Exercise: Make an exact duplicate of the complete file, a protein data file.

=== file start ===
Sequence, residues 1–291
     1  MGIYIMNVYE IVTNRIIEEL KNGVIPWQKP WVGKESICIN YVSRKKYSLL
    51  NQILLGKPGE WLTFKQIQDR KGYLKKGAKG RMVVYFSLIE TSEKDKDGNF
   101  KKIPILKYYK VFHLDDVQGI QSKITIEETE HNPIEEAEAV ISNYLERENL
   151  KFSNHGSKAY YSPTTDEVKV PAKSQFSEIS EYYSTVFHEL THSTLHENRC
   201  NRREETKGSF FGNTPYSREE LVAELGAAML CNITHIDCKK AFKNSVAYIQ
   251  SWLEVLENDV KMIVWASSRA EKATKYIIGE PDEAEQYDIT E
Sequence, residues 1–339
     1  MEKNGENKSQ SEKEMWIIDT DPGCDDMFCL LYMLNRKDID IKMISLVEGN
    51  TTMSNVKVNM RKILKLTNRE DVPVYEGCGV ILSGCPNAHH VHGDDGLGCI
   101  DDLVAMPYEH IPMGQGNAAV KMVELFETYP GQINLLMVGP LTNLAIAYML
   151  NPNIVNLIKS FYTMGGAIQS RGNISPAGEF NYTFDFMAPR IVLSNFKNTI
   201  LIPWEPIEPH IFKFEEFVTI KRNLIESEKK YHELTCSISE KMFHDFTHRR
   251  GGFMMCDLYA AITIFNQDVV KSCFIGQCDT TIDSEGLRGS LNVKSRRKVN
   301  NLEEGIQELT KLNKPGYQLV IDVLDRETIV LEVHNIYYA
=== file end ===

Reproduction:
Sequence, residues 1–291
     1  MGIYIMNVYE IVTNRIIEEL KNGVIPWQKP WVGKESICIN YVSRKKYSLL
    51  NQILLGKPGE WLTFKQIQDR KGYLKKGAKG RMVVYFSLIE TSEKDKDGNF
   101  KKIPILKYYK VFHLDDVQGI QSKITIEETE HNPIEEAEAV ISNYLERENL
   151  KFSNHGSKAY YSPTTDEVKV PAKSQFSEIS EYYSTVFHEL THSTLHENRC
   201  NRREETKGSF FGNTPYSREE LVAELGAAML CNITHIDCKK AFKNSVAYIQ
   251  SWLEVLENDV KMIVWASSRA EKATKYIIGE PDEAEQYDIT E
Sequence, residues 1–339
     1  MEKNGENKSQ SEKEMWIIDT DPGCDDMFCL LYMLNRKDID IKMISLVEGN
    51  TTMSNVKVNM RKILKLTNRE DVPVYEGCGV ILSGCPNAHH VHGDDGLGCI
   101  DDLVAMPYEH IPMGQGNAAV KMVELFETYP GQINLLMVGP LTNLAIAYML
   151  NPNIVNLIKS FYTMGGAIQS RGNISPAGEF NYTFDFMAPR IVLSNFKNTI
   201  LIPWEPIEPH IFKFEEFVTI KRNLIESEKK YHELTCSISE KMFHDFTHRR
   251  GGFMMCDLYA AITIFNQDVV KSCFIGQCDT TIDSEGLRGS LNVKSRRKVN
   301  NLEEGIQELT KLNKPGYQLV IDVLDRETIV LEVHNIYYA